13 Ways to warmup before you really begin to practice your guitar.
This sounds like a lot and you may just want to pick a few or even one. Better yet, come up with one of your own. These that I use for myself are what works for me. Everyone is different and has different goals. So depending on your goals is the way you should warmup.
For example: If you’re about to play a gig then you can go over some song sections but then again if that causes anxiety do something totally different.
If you’re just playing at home for a hobby you can do a few minutes of ANY one of these and you’re good to go.
Just make sure you do it. Your time with your instrument will go much better as in much more enjoyable.
How to Warmup
You should always warm up on your guitar a few minutes before playing.
Longer if you are playing something difficult or at an advanced level.
Pick up your guitar and turn the metronome on. For 2-5 or 5-10 minutes do any or several or all of these exercises.
You should also play anything you are going to play at a slow speed. 60 bpm is a good start, then you take it up to your speed. Dont spend hours warming up you’d just be wasting your time. You want to get into something musical as quickly as possible.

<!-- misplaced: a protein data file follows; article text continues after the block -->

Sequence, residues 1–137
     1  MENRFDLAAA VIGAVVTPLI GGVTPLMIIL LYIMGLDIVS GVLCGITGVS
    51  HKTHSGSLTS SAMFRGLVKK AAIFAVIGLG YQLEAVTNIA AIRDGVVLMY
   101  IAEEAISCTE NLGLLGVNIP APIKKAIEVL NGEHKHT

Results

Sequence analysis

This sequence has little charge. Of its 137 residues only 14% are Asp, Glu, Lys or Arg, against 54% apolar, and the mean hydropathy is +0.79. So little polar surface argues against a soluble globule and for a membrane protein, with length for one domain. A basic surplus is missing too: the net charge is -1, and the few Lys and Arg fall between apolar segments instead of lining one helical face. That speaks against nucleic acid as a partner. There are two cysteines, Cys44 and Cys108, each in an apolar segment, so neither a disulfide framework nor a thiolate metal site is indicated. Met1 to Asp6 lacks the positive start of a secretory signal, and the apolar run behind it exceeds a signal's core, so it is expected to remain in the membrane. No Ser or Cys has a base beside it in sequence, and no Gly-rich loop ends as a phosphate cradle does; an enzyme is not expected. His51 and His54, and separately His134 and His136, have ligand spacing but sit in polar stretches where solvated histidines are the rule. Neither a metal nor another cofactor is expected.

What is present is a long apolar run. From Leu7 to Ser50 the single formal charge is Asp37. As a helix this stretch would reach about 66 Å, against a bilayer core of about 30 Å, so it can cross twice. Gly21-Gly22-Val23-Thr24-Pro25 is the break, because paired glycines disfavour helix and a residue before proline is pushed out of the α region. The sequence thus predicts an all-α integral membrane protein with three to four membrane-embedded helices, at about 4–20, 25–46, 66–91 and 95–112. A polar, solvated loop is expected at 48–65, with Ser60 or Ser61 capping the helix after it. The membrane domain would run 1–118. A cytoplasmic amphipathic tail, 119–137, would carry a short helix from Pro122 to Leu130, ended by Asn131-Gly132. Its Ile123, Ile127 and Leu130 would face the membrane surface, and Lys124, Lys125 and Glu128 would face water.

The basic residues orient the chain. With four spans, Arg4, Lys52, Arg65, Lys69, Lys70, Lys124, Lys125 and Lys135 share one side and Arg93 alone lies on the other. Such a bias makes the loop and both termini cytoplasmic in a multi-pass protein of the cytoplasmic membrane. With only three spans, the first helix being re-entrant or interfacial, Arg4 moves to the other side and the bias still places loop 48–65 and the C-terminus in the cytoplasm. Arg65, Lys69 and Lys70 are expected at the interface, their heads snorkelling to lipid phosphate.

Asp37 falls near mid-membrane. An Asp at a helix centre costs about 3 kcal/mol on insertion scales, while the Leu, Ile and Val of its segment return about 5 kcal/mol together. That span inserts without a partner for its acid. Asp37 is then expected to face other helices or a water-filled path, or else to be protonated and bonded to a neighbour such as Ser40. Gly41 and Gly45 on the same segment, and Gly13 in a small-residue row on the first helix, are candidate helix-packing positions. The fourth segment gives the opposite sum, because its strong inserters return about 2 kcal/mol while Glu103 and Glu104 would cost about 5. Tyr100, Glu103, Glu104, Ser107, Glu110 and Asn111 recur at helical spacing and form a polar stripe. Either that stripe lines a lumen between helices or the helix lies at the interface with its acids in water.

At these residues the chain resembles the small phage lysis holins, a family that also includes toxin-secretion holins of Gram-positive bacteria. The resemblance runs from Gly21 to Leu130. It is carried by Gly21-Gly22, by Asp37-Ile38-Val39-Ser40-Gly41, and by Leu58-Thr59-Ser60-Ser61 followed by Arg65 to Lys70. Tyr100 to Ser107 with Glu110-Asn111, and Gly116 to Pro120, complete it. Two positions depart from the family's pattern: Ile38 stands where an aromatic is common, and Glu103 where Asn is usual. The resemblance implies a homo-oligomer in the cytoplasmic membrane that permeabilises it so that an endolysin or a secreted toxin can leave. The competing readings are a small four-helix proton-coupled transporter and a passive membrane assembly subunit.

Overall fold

Always apply what you learn to a song or solo...
List of Guitar Warmups
- Warmup #1 – Chromatic scale guitar exercise starting on string 6 ascending to the first string and then back down.
- Guitar Warmup #2 – Chromatic one string exercise.
- Numero 3. Warmup #3 – Arpeggiating a Diminished Chord then and then Descending an Augmented chord.
- Fingering the same Diminished Chord and Augmented Chord before the next beat.
- Power chord warmups in 4ths.
- 2 String Chromatic Runs.
- The 5 Pentatonic Shapes.
- Ascend a Mode and descend a 2nd mode of your choice.
- Ascend or Descend any scale of your choosing.
- Pentatonic 6 Note Sequence. Up 6 notes from string 6, then string 5 etc…
- Descend the Harmonic Minor Scale.
- 1 Octave scales ascending to the 9th degree and back.
- 4 Note sequence. Up 4 notes, then up 4 notes from the next note in the scale.
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